Mining Industry Sees Progress in Field Technology
If the oil and gas industry is considered slow in its adoption of digital technology, there is one section of industry that typifies this: mining. With a traditional structure and slow adaptability, hindered further by a steady decline in western coal consumption, the mining industry has continuously demonstrated a reluctance to change. While this is arguably expected given the glory-days of the mining industry are undoubtedly behind us, the broader landscape of the energy industry is anticipated to be one of the most significant beneficiaries of innovation and digital technology. While this might not prevent the decline of the mining industry in the west, it is far too soon to suggest that innovation within this sector is no longer worthy of pursuit.
Despite the mining industry’s hesitance to adapt, some areas of development remain a constant and understandably high priority, such as regulatory demands and intercompany concerns- particularly in regard to safety and productivity/efficiency in existing operations. It is therefore exciting to read of a British multinational company developing “packages” in order to effectively meet these requirements- combining scanners and software to help mining companies integrate enhancing technology smoothly into their operations. The solution is suitable for both underground and open pit operation mining sites and goes a long way towards developing an efficient real-time solution for the industry.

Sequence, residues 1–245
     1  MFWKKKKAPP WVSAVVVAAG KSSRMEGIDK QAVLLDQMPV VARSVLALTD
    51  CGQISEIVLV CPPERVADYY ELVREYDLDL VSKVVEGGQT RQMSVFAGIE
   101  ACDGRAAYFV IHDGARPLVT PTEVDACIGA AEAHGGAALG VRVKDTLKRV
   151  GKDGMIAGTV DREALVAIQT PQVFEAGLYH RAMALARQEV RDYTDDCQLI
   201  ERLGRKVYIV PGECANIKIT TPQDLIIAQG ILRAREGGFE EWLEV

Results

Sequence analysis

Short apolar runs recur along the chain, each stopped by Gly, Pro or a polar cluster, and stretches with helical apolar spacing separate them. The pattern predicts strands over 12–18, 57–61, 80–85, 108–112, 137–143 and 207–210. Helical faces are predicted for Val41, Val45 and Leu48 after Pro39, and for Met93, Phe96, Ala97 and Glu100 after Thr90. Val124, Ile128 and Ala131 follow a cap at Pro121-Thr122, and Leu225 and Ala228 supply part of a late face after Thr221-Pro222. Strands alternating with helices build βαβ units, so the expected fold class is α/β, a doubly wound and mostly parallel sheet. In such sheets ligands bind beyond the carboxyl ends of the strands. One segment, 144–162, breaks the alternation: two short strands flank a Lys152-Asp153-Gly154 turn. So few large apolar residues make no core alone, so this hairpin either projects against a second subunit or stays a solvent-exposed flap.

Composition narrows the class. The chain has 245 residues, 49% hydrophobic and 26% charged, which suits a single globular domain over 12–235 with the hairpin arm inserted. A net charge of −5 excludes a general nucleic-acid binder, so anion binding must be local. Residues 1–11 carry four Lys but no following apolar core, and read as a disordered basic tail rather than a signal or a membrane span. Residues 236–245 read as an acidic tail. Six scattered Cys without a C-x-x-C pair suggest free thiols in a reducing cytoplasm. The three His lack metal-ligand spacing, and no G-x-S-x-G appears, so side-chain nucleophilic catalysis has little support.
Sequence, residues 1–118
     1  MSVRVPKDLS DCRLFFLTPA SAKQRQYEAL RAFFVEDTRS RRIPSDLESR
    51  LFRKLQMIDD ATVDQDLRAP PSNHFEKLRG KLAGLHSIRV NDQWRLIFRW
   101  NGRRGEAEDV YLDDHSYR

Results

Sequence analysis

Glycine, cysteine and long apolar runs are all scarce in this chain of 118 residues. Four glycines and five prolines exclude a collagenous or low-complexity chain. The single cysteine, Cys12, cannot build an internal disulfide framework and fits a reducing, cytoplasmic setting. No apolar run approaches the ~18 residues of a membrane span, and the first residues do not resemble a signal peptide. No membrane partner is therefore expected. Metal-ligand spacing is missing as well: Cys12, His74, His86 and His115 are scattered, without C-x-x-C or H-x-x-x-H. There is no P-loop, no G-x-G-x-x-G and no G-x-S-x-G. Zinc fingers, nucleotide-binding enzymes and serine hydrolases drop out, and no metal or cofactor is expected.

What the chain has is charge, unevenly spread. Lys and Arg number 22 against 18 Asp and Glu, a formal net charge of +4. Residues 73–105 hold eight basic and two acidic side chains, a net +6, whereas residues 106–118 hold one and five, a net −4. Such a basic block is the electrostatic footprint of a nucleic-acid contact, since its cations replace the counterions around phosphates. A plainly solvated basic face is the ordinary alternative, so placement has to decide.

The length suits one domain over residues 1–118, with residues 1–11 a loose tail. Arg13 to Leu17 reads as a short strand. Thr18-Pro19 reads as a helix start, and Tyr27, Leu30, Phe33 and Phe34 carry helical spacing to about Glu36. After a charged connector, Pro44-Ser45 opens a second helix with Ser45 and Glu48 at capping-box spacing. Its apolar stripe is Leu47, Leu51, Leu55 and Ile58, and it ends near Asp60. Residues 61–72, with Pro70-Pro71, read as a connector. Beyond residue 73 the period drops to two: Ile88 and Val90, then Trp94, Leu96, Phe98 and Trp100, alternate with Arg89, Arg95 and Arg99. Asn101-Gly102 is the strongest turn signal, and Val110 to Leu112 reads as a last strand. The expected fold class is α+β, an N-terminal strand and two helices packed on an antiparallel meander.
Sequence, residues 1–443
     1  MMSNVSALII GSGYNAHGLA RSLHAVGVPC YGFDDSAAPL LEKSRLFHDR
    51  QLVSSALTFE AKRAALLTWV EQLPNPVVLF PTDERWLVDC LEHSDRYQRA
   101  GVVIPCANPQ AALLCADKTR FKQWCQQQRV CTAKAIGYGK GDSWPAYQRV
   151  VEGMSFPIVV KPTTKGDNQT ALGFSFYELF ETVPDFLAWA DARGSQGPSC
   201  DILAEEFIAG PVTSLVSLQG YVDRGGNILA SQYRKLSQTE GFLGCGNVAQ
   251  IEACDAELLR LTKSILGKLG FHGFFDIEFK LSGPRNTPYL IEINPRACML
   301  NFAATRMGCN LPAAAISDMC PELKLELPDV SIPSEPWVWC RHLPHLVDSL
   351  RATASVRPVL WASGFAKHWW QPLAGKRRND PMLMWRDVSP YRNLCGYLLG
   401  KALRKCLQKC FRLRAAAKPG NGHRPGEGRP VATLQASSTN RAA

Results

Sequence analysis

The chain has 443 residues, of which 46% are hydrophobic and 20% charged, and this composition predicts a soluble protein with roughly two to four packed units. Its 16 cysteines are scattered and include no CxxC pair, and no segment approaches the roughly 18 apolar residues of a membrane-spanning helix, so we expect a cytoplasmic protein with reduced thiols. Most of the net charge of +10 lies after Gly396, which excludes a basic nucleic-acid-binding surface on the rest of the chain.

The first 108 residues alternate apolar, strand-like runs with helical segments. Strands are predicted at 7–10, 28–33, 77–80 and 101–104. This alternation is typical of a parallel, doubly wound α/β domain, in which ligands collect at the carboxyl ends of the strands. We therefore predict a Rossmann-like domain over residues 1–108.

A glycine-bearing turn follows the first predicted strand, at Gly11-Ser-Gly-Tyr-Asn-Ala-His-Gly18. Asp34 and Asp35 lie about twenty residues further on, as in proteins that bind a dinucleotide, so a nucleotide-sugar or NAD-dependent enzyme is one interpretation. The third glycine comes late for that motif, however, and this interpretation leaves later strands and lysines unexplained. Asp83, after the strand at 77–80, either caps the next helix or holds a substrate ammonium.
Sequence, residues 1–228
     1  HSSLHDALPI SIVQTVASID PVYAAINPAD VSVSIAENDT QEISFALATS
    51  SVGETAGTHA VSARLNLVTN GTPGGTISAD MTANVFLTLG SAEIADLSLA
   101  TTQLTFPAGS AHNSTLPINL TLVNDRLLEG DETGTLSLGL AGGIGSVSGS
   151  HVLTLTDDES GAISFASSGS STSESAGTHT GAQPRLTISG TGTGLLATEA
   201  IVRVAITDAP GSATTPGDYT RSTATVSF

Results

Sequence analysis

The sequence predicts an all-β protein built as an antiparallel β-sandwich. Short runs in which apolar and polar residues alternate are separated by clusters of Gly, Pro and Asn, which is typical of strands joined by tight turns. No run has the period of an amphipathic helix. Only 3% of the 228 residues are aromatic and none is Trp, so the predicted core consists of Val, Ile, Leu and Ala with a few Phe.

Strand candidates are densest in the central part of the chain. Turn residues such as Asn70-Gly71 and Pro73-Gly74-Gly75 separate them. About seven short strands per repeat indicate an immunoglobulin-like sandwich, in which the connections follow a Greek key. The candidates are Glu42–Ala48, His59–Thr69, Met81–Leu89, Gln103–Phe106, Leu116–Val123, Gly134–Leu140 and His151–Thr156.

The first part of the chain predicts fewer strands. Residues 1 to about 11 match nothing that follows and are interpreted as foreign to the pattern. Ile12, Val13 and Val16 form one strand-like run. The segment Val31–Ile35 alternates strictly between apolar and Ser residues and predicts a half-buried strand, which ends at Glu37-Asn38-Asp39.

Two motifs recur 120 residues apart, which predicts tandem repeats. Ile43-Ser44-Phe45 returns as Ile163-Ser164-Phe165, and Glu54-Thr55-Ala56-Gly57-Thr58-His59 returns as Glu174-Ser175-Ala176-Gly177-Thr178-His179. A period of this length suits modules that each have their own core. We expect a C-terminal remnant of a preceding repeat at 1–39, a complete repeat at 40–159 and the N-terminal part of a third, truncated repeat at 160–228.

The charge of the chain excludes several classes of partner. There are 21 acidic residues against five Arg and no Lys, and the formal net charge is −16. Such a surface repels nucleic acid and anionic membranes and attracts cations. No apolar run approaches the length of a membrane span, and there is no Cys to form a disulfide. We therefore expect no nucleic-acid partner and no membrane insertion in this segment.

The packages provide management with direct data and automated reports of the site, giving them a higher level of monitoring and shortening the response time when needed. At the same time, they provide an advanced solution for field workers: the scanners automate an otherwise lengthy, manually performed process of managing stockpiles and measurements of important surfaces which can be harmful to health.
The evidence that suggests a tsunami of innovation is looming on the O&G industry is overwhelming, and industry experts appear to unanimously agree that the manner in which new technology is assessed, implemented and adopted will be the deciding factor on who sinks, and who swims. Dashboard welcomes any news pertaining to industrial technology receiving appropriate consideration, however in the wider scope of the digital innovation this technology might even be considered primitive, additionally so when positioned in the broader landscape of industry 4.0.
However, with one of the primary causes for delayed leveraging of IoT technology being the lengthy time-period required to assess its capabilities, and by extension, how it fits the needs of the company, we consider it very positive that conversions surrounding adopting new technology are still being had. This may not be reflective of the mining sector enthusiastically making the leap towards digitisation, but its certainly an indicator that even the most reluctant industries are beginning to recognise and embrace unavoidable change.
Author: Nadja Kaukiainen